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The richness of terroirs

Well exposed toward the rising sun and the south, the appellation Marsannay vineyards are situated at an altitude of 260 to 390 metres, between the cereal crops of the plain to the east, and the forests and limestone pavements of the plateaus to the west. This hillside, with concave slopes of up to 20%, is incised by dry valleys called “combes”.
The geological substratum of the appellation Marsannay varies considerably : it can be composed of either limestone, or marls (a mixture of shale and limestone) or soft sediments with limestone pebbles and shales. Jurassic limestone displays a palette of hues ranging from the russet gold of Entrochal (crinoidal) limestone to the white of oolitic limestone, with the cold, hard greys, and pinks of Comblanchien marble and Prémeaux stone. Marls are sometimes light coloured and rich in small oysters, sometimes yellow-green and sandy, or pastel grey-blue at the foot of the hillside. Gravelly debris generates light soils on the slopes. Stony alluvium fans out over a wide area at the outlets of the “combes”.
The horizontal limestone and marl layers are broken, and form steps several hundred metres wide, collapsing progressively from west to east. Severe fracturing of these shale and limestone alternations has created a geological mosaic upon which is superimposed the lacy network of vineyard parcels from the “lieux-dits” of the appellation Marsannay. The thousand facets of the terroir are revealed through this great geological diversity.
Within this shale and limestone framework, each “lieu-dit” of the appellation Marsannay demonstrates its own individual characteristics, depending on altitude, slope, location on the hillside, nature and diversity of the subsoil, as indicated in a detailed study by Françoise Vannier in 2005.
Terroir cannot express itself in wine unless the wine-grower is able to work in such a way as to grasp the infinitesimal shades of differences in the soil, while taking into account the distinctive features of each land parcel, and then to accord these characteristics with the specificities of each vintage.

Crinoidal limestone
Ostrea acuminata Marls
Prémeaux Limestone
White Oolite
Comblanchien Limestone
Alluvial fan

 

The Marsannay appellation obviously possesses an identity and typicality all of its own. But, just as in a family the personality of each child is unique, so the different zones of the appellation, within a common framework, reveal certain specificities. The heart of the hillside, as is always the case for Premiers Crus, is where the most distinguished wines are grown, for both red and white.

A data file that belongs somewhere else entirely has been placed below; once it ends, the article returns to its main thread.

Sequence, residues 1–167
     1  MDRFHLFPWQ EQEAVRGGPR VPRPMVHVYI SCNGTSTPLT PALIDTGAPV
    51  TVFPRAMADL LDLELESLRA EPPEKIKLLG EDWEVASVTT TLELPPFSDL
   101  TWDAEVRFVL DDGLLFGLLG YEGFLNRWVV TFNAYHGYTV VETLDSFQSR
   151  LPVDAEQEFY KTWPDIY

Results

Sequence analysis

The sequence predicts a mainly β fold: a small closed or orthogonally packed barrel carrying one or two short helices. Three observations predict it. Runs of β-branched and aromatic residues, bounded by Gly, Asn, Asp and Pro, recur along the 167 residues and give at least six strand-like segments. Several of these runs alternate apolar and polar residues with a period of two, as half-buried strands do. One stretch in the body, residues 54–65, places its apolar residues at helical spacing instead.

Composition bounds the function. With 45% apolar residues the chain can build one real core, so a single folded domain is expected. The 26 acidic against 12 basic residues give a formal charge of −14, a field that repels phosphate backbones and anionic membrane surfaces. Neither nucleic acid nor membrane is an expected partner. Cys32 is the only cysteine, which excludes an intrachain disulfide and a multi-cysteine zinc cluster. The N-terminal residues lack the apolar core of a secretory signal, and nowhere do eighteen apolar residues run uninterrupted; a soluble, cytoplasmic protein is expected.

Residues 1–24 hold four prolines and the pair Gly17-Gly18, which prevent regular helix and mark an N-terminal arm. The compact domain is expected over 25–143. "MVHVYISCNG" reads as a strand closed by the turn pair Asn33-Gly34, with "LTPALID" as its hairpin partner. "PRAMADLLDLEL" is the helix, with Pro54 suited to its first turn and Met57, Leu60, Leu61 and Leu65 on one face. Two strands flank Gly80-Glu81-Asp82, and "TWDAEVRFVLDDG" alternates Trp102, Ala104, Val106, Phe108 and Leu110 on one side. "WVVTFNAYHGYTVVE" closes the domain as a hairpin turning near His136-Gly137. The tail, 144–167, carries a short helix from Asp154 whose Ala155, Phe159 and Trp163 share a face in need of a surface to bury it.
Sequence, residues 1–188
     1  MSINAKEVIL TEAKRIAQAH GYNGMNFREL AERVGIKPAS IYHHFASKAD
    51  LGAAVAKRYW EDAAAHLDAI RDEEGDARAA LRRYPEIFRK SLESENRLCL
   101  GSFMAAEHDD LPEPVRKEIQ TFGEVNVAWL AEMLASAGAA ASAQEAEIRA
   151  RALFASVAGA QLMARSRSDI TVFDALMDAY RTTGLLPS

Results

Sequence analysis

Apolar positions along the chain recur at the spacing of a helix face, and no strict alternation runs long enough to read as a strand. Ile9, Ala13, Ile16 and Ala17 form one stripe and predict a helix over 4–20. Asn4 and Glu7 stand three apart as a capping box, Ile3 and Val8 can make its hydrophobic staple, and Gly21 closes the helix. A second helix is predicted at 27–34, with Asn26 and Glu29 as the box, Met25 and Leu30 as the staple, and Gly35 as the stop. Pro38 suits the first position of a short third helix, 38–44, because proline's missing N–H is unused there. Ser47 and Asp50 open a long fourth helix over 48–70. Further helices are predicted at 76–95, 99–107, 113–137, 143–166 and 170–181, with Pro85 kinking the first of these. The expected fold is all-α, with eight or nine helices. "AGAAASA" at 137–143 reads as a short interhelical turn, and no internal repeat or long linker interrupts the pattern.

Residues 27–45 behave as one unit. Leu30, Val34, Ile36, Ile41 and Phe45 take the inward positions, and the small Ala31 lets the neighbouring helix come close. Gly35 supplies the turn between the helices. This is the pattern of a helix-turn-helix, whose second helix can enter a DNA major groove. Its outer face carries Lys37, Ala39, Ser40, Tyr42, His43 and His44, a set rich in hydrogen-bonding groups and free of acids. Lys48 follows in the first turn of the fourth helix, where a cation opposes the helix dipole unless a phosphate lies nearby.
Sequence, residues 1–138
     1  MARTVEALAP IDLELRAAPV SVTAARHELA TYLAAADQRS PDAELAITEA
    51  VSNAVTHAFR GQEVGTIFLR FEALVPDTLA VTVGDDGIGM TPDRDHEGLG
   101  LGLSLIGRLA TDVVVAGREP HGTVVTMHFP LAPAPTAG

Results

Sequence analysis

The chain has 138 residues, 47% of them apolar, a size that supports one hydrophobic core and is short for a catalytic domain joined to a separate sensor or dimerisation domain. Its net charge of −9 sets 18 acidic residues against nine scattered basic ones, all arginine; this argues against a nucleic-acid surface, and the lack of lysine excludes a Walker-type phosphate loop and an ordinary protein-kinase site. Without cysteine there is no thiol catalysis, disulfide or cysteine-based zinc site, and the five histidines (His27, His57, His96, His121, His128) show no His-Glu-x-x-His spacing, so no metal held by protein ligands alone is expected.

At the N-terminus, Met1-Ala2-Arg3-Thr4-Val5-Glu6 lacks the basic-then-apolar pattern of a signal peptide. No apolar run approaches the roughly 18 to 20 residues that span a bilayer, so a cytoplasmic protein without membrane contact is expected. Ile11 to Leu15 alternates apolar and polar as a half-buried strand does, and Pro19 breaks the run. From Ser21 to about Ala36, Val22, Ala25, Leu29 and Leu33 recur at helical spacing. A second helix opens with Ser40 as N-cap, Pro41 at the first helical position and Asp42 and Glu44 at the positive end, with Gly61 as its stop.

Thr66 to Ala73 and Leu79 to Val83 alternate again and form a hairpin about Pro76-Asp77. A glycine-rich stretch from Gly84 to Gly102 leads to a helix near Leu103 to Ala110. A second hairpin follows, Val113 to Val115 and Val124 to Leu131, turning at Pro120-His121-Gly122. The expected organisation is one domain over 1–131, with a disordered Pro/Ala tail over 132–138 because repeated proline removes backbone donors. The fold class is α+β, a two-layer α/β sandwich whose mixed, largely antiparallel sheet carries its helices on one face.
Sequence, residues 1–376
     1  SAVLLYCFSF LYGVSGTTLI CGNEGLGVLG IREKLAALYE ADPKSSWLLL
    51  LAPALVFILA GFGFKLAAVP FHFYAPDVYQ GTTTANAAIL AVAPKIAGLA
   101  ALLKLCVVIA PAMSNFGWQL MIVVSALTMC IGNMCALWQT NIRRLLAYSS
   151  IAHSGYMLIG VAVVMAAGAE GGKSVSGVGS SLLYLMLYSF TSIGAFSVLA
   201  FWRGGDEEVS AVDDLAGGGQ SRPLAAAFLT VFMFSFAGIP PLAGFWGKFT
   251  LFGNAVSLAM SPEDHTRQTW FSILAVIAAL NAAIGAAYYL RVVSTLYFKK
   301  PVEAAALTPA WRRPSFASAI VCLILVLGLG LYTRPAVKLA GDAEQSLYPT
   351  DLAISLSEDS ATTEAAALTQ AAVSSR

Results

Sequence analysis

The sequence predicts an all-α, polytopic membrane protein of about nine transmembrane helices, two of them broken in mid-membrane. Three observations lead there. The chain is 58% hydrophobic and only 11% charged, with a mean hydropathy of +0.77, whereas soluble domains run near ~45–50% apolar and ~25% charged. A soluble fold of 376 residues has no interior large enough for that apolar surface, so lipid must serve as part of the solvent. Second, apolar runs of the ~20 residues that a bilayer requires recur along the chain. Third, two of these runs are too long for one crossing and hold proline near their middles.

South of the village of Couchey (Champs-Perdrix)

The upper part of the hillside, steep and at a high altitude, is characterised by light compact limestone capped by very thin soils. The mid-section of the hillside is composed of crinoidal limestone, with soils containing both pebbles and reddish shales. The lower zones are more clayey.
The white wines from crinoidal limestone areas are elegant and sunny, whereas those from the marly soils are robust, powerful, mentholated and well structured.
The red wines are stocky and tannin rich, with a spicy taste and gamey aroma.

Between the villages of Couchey and Marsannay-la-Côte (from Les Genelières to Les Grandes Vignes)

This area exhibits a wide diversity of substratum but predominant crinoidal limestone.
These limestone soils give a great deal of minerality and delicacy to wines that are mainly light and airy with great complexity.

Alluvial fans at the valley outlets (Les Crais, Les Ouzeloy, Les Récilles...)

Terroirs are situated in areas of limestone gravel and pebbles with low water retention, eroded by seasonal torrents and deposited at the valley outlets.
The white wines are rich and hearty, with typical white peach, exotic fruit and pear aromas.
The red wines are delightfully rounded, with fruit pit, blackberry, blackcurrant, and elder aromas. The palate often combines silky tannins with oily persistency.

To the west of Marsannay-la-Côte (from Les Vignes Marie to La Charme aux Prêtres)

The central section of the appellation contains a great variety of subsoils, dominated by crinoidal limestone.
The white wines, characterised by their finesse, where balance as the golden rule, are also oily and expressive.
These small plots of lands are often vinified individually, as they thus produce red wines where an excellent compromise can be achieved between structure, body and aromatic expression. The limestone on the upper slopes produces elegant mineral wines, whereas the richer shaly soil halfway down the hillside gives an oilier texture, even if minerality persists strongly.

At Chenôve and north of the village of Marsannay-la-Côte (Les Longeroies, Clos du Roy, Le Chapitre)

The hillside is narrow, with little difference in altitude. Most of the slope is covered in a mixture of sand and gravel, with good drainage, apart from a shalier strip in the middle. The upper part of the hill is more rocky to the south, with thin soils.
The white wines are mineral, delicate, and with very good length.
The red wines age well, are often powerful and vivacious, with a limestone and fruit pit nose. The attack is supple, followed by powerful but well-integrated tannins. These wines have a delicate and precise finish.